OLD MONROE, Mo. -- Less than an hour north of St. Louis, Missouri Highway 79 has dealt with a range of complications and closures from major flooding in recent years. But even when the nearby Mississippi River is calm, the roadway can't catch a break from the elements -- something illustrated this summer, when punishing heat caused its pavement to buckle, creating a bump that work crews had to fix.
With most of the U.S. exposed to hotter and ever more erratic climate conditions, roads like Highway 79 aren't the only types of infrastructure pushed to their breaking points. As society confronts an increasingly unfamiliar climate, there are signs that the engineered backbones of modern civilization are at risk across the U.S.: Rising seas spoiling water supplies. Power plants idled because water from ponds and rivers, used to cool generators, is no longer as chilly as it used to be. Dams threatened by torrential rains and runoff.
New extremes are testing roads, bridges, dams and utilities to unprecedented degrees, even as they age beyond their intended lifespan.
Climate extremes are becoming more common in the region. St. Louis has seen record-high temperatures with greater frequency in recent years, according the National Weather Service -- including a peak of 21 days of record-setting warmth in 2012. It's also not getting as cold here, as shown by a rise in the number of "record-warm lows," in which daily low temperatures register as the warmest on record for a given date. Overall, average annual temperatures in the city are now about 3 degrees warmer than they were 80 years ago.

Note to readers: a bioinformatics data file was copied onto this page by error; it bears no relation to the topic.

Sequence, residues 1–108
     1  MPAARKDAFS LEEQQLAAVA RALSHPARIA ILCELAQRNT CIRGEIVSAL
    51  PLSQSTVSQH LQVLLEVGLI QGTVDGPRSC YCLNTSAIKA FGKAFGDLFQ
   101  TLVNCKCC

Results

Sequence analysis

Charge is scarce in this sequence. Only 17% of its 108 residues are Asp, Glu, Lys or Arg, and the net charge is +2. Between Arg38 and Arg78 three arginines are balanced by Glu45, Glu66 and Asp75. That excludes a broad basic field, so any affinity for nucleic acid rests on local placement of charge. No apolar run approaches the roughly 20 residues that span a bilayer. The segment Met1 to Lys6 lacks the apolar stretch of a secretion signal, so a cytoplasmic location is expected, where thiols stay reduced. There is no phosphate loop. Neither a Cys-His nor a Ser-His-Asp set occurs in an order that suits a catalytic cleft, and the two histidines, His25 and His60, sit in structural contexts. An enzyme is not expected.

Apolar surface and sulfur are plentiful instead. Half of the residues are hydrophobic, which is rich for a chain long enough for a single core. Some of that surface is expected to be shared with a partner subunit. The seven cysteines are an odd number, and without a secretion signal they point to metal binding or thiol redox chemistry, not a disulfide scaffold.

That change -- and unpredictability -- matters for engineers who must take climate into account when designing infrastructure, by anticipating the range of conditions that it must withstand. But now, climate-related bell curves and bedrock assumptions are shifting beneath their feet. The same is true for infrastructure that already exists: Some of what was built decades ago now faces conditions that it wasn't designed to withstand.
Rising seas mean that coastal areas not only confront increased tidal flooding, but also underground saltwater intrusion, forcing some Miami-area municipalities, for example, to shut down or relocate well fields for their municipal freshwater supply. Inland, Toledo, Ohio, briefly saw its water supply choked off in 2014 by Lake Erie's toxic algae blooms -- episodes fueled by agricultural runoff, but made more likely in the hot conditions abetted by climate change.
Elsewhere, aging dams and reservoirs are not designed to accommodate increasingly torrential runoff, as shown by evacuations and the threat of failure at California's Oroville Dam in 2017. And widespread fires in the state, fanned by hotter, drier weather, have led utilities to deliberately cut power to hundreds of thousands of residents, to keep power lines from sparking more.
St. Louis heat
The St. Louis area offers some of its own examples of infrastructure problems amid hot and extreme conditions. Just ask the local road crews.
"If we have long periods of hot days and hot nights, it makes things worse," said Becker. "It's incredibly weather dependent."